I'm talking about Lionel Shriver's We Need to Talk About Kevin.

Now I have been putting in marathon efforts to get up to date with the piled-up Magic-Puddingesque workload (I cut, it comes again) of other work apart from the weekly fiction reviewing, and have actually been making tiny inroads here and there -- ensuring in the meantime that I do not actually forget what my friends and family look like, run out of clean knickers, or die of botulism or bubonic plague.

But all such efforts have been blown out of the water over the last 48 hours. Because when I haven't been asleep or out, I've been reading this appalling, brilliant book.

I gather there's some amazing twist at the end. DO NOT I REPEAT DO NOT TELL ME WHAT IT IS and if anybody does I will stalk you down the Interwebs for all eternity. (Has it got something to do with her very very wonky 'handwriting' in the signatures? Are the husband and the daughter, in fact, both dead?)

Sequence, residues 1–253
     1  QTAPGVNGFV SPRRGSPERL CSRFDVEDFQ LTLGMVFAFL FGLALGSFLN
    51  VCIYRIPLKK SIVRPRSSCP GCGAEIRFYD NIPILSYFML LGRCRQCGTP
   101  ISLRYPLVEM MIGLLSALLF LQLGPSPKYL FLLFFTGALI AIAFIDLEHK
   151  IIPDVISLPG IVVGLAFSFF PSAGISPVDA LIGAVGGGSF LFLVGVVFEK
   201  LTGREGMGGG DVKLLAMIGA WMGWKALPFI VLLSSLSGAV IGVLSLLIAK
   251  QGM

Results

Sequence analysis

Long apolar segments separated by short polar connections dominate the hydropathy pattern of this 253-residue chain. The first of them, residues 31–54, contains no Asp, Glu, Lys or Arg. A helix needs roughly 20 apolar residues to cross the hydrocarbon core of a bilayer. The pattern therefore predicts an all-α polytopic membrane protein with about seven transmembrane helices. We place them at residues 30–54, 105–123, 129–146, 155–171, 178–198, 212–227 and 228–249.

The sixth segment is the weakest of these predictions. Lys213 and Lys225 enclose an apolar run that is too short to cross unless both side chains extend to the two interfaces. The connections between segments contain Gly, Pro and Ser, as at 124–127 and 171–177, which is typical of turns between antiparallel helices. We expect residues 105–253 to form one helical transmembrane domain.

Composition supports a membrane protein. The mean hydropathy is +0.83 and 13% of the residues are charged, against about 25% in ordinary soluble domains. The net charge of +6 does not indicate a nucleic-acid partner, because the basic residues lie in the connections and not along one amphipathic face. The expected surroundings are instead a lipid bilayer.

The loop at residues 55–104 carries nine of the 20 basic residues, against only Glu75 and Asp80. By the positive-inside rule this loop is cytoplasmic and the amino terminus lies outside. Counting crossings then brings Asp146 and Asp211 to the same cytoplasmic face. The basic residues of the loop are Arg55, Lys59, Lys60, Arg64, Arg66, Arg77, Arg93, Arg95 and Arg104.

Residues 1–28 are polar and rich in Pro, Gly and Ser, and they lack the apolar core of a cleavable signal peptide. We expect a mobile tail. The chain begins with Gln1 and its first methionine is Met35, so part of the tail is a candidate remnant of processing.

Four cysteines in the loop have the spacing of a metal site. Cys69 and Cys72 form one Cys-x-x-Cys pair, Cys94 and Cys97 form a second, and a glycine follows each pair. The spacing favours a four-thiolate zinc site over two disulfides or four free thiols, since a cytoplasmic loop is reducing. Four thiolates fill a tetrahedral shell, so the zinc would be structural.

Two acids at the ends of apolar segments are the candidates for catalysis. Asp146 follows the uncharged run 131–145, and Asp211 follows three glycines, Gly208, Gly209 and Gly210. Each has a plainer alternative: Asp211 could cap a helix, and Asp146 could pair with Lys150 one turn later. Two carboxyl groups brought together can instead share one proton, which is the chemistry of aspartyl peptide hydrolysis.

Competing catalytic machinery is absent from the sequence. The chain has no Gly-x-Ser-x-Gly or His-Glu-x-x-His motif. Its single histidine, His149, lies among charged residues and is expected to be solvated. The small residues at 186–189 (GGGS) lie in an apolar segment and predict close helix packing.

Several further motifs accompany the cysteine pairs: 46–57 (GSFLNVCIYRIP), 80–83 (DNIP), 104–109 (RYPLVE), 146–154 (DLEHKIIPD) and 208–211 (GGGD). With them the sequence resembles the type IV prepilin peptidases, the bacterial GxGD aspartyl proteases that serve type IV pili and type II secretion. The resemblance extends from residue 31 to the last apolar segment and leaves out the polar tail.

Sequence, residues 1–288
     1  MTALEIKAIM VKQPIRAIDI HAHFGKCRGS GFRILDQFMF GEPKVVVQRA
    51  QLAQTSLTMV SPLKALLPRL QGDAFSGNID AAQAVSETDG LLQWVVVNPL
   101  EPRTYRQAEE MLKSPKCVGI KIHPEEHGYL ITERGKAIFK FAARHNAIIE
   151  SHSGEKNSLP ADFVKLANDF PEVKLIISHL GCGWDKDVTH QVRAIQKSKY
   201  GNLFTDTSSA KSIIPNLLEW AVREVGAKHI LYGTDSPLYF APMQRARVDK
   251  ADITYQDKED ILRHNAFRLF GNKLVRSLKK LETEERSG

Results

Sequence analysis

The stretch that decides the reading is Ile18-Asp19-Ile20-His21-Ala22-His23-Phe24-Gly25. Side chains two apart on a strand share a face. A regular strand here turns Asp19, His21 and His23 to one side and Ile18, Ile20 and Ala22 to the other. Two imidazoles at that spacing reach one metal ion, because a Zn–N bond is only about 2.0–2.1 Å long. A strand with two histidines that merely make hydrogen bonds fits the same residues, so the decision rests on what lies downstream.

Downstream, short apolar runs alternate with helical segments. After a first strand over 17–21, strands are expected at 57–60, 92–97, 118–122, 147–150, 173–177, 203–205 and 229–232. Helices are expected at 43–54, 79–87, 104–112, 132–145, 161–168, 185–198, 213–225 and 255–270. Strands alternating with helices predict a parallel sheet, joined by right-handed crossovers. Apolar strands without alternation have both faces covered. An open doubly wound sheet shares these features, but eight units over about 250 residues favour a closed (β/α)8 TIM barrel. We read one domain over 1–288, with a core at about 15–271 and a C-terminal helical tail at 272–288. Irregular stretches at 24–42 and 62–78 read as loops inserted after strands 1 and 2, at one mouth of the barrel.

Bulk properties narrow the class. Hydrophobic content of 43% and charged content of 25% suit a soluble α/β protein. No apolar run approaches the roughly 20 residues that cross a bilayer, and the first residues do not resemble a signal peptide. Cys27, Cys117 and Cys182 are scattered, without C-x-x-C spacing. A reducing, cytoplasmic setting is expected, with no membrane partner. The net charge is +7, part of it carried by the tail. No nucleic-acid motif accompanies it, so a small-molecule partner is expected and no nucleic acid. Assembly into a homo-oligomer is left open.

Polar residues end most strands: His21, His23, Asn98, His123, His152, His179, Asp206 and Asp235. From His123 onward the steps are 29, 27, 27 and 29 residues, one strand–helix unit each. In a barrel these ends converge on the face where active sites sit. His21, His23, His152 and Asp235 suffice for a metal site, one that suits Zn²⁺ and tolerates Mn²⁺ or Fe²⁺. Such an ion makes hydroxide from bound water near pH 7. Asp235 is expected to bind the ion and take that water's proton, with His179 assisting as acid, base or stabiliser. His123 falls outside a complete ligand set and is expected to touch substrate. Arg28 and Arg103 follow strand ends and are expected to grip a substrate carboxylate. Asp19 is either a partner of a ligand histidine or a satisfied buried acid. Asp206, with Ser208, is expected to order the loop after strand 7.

In the meantime, here's how to win the Orange Prize: write a passage as good as this, and then keep it up for 468 pages.

'But I have a theory about Dream Homes ... Regardless of how much money you lavish on oak baseboards, an unhistoried house is invariably cheap in another dimension. Otherwise, the trouble seems rooted in the nature of beauty itself, a surprisingly elusive quality and one you can rarely buy outright. It flees in the face of too much effort. It rewards casualness, and most of all it deigns to arrive by whim, by accident. On my travels, I became a devotee of found art: a shaft of light on a dilapidated 1914 gun factory, an abadoned billboard whose layers have worn into a beguiling pentimento collage of Coca-Cola, Chevrolet, and Burma Shave, cut-rate pensions whose faded cushions perfectly match, in that unplanned way, the fluttering sun-blanched curtains.'




Well, there's an almost Shakespearean breadth and transcendence at the very end, that looking-family-matters-in-the-eye-no-matter-what business that you get at the end of the four last plays, and quite a few of the others as well. 'This thing of darkness I acknowledge mine.'

Cross-posted at Pavlov's Cat